Since the 1917 Bolshevik Revolution our understanding of East European and Russian art has been defined by utopian ideas of revolutionary transformation. This course will trace the historical development of East European and Russian art from the medieval era to the modern day, focusing primarily on the Imperial, Soviet, and post-Soviet periods to reveal the social and cultural forces behind artistic change, transgression, and transformation. We will investigate artists and art movements in Eastern Europe and Russia, critically assessing artistic influence, production, avant-garde experiments, reception, and cultural interaction in their historical context. We will also discuss how the changing ideologies in the 19th-, 20th-, and 21st centuries led to the re-assessment of artistic production in relation to discourses of nationalism, identity, gender, politics, modernity, propaganda, and mass media. The course analyzes the artistic practices, styles, interpretations, and expressions of recurring themes in East European and Russian art and culture more broadly, such as utopia, spirituality, anarchy, satire, and the collective.

Survey of contemporary Russian literature. (In Russia)

Survey of contemporary Russian literature. (In Russia)

Specialized work on an individual basis, consisting of training and practice in actual service in a technical, business, or governmental establishment.

Specialized work on an individual basis, consisting of training and practice in actual service in a technical, business, or governmental establishment.

Russia has always been an enigmatic place for the West, with its globe-shaking politics and its rich contribution to the world culture. Topics in Slavic and Eurasian Culture is an attempt to overcome the Western puzzlement with Russian contradictions; the topics offer a glimpse into a variety of cultural, social, and political features of Russian society. The course materials, lectures, and discussions will provide a wide variety of insights to the particular contexts and modalities in which Imperial, Soviet, and post-Soviet Russia has operated, thus revealing the true meaning behind the seemingly perplexing "for the West" beliefs, attitudes and customs of the Russia's population and the interrelation between the national consciousness with the country politics.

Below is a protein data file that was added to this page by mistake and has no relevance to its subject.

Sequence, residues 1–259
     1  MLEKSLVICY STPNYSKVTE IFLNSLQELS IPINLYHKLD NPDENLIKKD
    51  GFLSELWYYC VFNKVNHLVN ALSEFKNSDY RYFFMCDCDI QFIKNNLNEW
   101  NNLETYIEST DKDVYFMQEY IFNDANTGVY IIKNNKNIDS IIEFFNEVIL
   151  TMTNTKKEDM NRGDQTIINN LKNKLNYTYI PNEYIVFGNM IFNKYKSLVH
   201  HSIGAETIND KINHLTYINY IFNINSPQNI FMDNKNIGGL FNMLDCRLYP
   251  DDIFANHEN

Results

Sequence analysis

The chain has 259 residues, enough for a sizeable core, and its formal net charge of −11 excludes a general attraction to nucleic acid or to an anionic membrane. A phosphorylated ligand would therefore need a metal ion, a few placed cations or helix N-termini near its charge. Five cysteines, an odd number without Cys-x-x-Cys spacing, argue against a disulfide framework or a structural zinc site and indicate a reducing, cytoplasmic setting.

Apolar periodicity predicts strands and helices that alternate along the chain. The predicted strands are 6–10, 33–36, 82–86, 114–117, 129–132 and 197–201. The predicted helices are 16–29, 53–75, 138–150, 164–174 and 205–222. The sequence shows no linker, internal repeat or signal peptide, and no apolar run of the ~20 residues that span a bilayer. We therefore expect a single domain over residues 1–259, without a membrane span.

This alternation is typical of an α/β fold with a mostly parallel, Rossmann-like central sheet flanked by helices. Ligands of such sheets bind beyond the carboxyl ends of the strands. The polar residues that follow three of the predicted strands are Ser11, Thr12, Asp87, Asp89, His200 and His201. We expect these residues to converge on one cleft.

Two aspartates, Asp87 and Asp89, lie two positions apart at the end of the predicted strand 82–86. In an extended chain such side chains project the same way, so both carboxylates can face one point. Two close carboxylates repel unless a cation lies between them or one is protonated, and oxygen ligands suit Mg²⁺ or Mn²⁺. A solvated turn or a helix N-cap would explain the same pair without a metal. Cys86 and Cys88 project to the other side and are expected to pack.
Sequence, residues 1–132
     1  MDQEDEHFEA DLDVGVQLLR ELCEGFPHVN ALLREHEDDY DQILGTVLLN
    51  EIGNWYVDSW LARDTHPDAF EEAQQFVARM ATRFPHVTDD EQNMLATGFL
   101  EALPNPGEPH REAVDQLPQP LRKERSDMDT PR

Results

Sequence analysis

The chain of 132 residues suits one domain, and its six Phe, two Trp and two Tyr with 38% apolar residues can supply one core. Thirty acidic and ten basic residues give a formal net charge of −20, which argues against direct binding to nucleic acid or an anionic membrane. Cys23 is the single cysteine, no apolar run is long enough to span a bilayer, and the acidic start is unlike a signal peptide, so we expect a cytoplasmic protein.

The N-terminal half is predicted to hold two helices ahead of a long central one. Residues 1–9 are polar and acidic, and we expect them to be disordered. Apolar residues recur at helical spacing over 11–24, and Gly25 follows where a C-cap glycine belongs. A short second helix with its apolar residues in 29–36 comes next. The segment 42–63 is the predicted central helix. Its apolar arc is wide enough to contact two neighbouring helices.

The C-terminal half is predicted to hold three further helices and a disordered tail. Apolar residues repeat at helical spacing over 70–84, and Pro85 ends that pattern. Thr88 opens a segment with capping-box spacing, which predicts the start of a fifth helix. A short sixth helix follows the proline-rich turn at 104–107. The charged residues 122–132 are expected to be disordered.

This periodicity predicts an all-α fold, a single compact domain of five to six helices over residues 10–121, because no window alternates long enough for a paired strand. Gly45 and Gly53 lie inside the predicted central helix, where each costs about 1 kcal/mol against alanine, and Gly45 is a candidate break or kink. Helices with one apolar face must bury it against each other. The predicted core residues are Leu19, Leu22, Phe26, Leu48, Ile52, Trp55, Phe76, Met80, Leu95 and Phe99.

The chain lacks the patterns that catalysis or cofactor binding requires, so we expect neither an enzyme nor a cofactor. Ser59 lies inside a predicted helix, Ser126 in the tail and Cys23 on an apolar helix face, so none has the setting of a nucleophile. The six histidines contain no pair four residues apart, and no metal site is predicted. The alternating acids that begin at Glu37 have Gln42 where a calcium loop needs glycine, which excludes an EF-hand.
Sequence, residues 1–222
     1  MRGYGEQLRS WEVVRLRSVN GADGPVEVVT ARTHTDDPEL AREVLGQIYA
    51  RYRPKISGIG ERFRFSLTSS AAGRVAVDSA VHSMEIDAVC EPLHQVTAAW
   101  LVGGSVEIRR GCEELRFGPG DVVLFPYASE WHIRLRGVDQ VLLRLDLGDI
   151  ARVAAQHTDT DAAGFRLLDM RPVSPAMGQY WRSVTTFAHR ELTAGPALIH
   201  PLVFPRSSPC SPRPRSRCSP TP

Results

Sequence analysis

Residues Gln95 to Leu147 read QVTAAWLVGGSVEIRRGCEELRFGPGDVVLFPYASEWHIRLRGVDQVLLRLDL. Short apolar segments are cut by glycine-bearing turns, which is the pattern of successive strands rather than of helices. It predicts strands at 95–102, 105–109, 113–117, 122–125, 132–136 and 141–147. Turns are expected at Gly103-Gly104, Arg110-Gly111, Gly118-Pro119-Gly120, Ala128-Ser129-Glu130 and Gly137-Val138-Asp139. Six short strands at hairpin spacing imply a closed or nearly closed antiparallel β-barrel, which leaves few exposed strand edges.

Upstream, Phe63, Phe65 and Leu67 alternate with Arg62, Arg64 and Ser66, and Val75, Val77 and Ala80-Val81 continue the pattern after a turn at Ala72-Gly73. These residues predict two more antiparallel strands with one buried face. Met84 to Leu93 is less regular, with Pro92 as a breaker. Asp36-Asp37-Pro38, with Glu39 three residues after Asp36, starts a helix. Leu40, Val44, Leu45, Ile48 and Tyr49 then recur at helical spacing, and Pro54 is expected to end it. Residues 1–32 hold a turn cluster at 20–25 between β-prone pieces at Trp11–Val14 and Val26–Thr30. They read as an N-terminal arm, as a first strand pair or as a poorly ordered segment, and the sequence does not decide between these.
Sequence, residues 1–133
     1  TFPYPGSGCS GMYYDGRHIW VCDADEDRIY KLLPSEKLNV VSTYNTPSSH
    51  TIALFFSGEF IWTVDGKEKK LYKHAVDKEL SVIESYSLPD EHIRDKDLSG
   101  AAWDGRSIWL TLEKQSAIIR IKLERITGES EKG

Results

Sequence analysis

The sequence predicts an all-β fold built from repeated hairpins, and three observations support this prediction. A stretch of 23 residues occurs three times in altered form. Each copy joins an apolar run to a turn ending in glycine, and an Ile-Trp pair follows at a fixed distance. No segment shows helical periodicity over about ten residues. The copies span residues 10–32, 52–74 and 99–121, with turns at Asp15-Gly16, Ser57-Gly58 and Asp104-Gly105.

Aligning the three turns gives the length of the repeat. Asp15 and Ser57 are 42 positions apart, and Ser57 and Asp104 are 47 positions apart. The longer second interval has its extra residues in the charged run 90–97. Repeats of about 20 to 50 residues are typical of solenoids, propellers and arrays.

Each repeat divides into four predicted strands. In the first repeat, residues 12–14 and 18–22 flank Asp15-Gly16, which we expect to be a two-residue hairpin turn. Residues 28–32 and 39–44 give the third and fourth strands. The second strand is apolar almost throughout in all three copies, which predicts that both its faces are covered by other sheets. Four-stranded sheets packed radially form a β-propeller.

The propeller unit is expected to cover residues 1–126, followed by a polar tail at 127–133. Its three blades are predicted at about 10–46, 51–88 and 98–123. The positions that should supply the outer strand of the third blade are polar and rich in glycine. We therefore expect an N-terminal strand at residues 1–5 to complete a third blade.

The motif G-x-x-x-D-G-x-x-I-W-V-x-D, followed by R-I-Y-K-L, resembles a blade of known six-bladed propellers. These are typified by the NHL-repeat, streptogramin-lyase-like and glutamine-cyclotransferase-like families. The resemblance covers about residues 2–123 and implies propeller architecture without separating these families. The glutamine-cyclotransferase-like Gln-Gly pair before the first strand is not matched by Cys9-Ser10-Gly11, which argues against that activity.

Qualified students working on an individual basis with professors who have agreed to supervise such work.

Qualified students working on an individual basis with professors who have agreed to supervise such work.

A variable topics course taught in English or Russian (depending on subject material).

This course explores, through a range of topics and theoretical lenses, the relationship between language, identity, and larger social and cultural contexts in Russia, the Post-Soviet geopolitical arena and beyond. We will first examine the ways in which language is used to create personal and group identities and how different cultural, social, and national identities are set off against one another, and against the criteria for inclusion or exclusion within and across national boundaries and various human communities of practice. We will then examine how particular forms of speech, language varieties, and accents are tied to specific traits of speakers and the ways in which the perception of particular people and the way they communicate impacts the projection of social and cultural characteristics. Finally, we will explore the critical dimensions of the language-identity relationship, looking at the function of language to build and divide nations, define peoples, create inequalities, and shape ideologies and local literacy practices in communities, digital spaces, and educational settings. Students will examine various approaches to theorizing identity in sociolinguistics and second language acquisition studies, and will learn to disentangle such constructs as multilingual identity, national\local\ethnic identity, subjectivity, self-concept, mobile identity, digital identity, the self-system, etc.